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What Is Pre-Workout And How Can It Help Your Exercise Energy Levels?


What Is Pre-Workout | Ingredients | Benefits | Is Pre-Workout Bad | When To Take | How To Take | Should Everyone Use | Creatine vs Pre-Workout | Dry Scooping

Exercise can be a great way to boost your energy levels, but what about when you have low energy levels before a workout? If you’ve been looking for ways to fuel your gym sessions, you might have come across pre workout and are wondering what it is, and whether you should be taking it.

Here, we’re answering all your pre-workout questions so you can decide if it’s right for you or not.

What Is Pre-Workout?

Pre-workout is a supplement that is designed to be taken around 30-60 minutes before exercising to boost your energy levels and increase your performance during a workout.

Pre-workout supplements come in several forms, but you’ll commonly find it as pre workout powder or as tablets.

What Is In Pre-Workout?

Pre-workout is a broad term, and there isn’t one set ingredient list. Most will contain caffeine, some will contain other substances designed to boost endurance or enhance energy – we’ve covered some ingredients to look for below.

You can also find pre workout drinks that contain sugar to give a further energy boost, however a lot of pre-workouts have zero or minimal calories.

What To Look For In A Pre-Workout

There are hundreds, if not thousands, of pre-workout formulas to choose from, and some may be more effective than others. It’s best to try a few different brands to see which is the best pre-workout for you, but some ingredients to look out for include:

What Are The Benefits Of Pre-Workout?

Because the ingredients of pre-workouts can vary so much, it’s hard to say for certain what the benefits are. Most pre-workouts are designed to increase performance and endurance at a minimum, with many also including ingredients that aim to improve recovery times, delay fatigue, and increase muscle growth and strength, and increase power.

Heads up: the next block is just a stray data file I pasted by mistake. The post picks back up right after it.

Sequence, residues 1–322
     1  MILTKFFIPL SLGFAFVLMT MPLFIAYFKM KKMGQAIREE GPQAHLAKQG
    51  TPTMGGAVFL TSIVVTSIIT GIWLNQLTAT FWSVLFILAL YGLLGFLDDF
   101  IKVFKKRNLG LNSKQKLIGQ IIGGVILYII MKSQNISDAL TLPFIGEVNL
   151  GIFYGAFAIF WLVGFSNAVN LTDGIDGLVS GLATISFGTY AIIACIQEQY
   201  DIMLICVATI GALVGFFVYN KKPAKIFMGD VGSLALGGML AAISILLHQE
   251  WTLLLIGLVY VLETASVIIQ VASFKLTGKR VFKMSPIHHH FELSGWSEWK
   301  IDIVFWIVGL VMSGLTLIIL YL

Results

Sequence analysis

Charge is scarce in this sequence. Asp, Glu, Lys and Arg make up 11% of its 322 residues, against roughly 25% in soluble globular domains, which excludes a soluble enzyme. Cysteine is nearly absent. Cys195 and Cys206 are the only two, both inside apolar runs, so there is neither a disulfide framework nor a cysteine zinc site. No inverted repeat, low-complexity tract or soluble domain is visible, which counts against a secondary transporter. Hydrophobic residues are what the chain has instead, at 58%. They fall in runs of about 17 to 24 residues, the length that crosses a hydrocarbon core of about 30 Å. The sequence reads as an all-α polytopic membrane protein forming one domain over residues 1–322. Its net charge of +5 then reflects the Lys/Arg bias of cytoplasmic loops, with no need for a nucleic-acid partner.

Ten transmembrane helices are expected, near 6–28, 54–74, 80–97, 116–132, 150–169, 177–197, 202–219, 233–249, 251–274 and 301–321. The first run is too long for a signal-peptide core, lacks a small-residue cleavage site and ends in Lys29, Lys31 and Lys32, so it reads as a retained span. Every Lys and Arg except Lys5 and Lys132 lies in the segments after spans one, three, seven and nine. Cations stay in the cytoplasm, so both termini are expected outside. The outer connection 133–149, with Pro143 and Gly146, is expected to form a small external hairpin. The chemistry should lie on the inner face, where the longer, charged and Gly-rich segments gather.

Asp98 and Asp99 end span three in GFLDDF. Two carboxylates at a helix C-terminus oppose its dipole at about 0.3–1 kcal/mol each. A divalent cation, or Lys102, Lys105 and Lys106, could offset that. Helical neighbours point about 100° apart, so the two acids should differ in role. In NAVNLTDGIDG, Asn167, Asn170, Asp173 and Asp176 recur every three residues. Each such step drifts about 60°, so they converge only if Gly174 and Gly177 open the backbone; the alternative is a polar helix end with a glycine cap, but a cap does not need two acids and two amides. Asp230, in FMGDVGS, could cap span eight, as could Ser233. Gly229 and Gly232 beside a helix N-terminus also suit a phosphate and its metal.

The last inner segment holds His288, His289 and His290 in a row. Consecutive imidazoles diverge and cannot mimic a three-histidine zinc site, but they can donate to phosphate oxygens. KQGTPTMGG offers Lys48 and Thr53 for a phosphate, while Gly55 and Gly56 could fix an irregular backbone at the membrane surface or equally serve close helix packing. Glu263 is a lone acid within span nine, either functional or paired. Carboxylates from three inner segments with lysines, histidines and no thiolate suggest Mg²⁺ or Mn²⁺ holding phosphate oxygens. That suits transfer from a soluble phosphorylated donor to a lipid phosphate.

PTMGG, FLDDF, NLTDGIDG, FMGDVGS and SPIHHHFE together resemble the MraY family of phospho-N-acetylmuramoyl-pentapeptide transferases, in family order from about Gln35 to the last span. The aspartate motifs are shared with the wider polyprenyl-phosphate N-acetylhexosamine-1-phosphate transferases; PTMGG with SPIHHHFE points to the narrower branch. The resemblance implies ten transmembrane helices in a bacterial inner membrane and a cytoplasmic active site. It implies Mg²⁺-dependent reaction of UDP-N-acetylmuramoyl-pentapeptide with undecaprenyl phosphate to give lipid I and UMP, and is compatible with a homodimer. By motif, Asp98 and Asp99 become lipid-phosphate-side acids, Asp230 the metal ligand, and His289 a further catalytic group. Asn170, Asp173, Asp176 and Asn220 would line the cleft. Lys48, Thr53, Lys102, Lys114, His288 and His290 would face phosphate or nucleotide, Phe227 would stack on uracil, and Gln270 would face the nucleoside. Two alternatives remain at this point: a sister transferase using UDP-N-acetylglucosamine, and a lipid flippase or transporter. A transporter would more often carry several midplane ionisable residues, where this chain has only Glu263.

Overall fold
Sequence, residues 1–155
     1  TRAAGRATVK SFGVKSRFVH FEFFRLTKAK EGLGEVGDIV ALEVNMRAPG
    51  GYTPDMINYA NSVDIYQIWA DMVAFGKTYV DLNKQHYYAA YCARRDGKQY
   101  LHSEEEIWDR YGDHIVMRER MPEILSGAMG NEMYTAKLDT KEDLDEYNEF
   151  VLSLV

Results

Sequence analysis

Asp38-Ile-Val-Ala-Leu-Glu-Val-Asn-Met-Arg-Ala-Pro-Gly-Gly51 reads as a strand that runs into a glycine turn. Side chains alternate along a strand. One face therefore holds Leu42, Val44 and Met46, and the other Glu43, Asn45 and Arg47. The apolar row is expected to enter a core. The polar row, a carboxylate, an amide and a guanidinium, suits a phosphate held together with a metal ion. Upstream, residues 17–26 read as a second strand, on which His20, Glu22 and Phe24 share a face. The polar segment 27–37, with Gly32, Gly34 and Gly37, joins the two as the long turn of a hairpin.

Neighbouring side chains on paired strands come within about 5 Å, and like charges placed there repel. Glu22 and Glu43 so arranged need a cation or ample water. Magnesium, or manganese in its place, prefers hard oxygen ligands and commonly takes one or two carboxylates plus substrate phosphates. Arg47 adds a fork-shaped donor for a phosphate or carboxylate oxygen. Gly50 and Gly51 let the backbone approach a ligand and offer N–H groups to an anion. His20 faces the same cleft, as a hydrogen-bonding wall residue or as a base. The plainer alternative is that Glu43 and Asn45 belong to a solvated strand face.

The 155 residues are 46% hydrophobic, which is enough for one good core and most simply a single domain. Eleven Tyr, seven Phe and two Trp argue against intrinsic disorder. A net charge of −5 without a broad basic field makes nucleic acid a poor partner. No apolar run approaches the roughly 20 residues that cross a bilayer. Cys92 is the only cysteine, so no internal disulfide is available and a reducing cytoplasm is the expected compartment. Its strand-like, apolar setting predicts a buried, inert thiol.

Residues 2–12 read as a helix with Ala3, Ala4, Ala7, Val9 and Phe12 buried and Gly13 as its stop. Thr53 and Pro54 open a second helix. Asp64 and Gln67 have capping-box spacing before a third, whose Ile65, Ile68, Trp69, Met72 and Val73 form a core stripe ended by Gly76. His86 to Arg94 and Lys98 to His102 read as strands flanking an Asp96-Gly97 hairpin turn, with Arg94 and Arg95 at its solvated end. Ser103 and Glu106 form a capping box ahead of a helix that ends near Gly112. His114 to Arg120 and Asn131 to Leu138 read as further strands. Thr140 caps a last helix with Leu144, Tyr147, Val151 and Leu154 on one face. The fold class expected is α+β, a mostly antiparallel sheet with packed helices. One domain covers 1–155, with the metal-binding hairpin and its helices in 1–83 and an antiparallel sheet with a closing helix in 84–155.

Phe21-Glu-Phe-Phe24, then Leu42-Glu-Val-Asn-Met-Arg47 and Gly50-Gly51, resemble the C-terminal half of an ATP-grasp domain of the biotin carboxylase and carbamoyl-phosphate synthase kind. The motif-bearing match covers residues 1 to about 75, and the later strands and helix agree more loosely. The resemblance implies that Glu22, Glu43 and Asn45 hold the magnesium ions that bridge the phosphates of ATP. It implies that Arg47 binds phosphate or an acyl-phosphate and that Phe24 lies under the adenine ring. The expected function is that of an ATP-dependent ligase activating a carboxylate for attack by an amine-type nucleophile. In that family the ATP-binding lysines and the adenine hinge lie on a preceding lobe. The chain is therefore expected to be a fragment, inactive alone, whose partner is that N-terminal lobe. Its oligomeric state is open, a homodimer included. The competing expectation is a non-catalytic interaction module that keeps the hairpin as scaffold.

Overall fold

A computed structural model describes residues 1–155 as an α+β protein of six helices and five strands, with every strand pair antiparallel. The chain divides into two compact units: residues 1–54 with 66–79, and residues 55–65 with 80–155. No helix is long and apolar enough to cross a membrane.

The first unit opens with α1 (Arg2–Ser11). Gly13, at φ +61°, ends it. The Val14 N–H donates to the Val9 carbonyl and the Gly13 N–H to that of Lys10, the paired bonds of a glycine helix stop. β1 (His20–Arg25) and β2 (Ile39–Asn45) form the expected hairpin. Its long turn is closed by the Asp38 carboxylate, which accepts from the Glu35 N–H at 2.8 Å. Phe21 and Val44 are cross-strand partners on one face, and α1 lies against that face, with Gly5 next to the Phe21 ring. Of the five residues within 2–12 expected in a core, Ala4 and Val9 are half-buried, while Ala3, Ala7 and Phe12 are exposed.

The main benefit people see from taking pre-workout is more energy which allows them to train at a higher intensity for longer, which can help with strength and hypertrophy goals.

Can Pre-Workout Be Bad For You?

Most pre-workouts are safe to take for the general population, however those with a caffeine sensitivity or heart issues may experience undesirable side effects like heart palpitations due to the high levels of caffeine.

Other side effects that have been reported include nausea, feeling jittery, tingling in the skin, and water retention. If you experience unwanted side effects, you can try pre-workouts with different ingredients, reducing the amount you take, or simply swapping pre-workout for a coffee and an energy boosting snack.

When Should You Take A Pre-Workout?

Most pre-workouts are designed to be taken around 30 minutes before exercising, as this allows enough time for the ingredients to be absorbed and kick in. This can differ by brand and product so check the instructions to make sure you’re making the most of your pre-workout.

Caffeine peaks around 60 minutes after being consumed, so you’ll get the best results 30-90 minutes after taking a pre-workout with caffeine in (or a cup of coffee).

How To Take Pre-Workout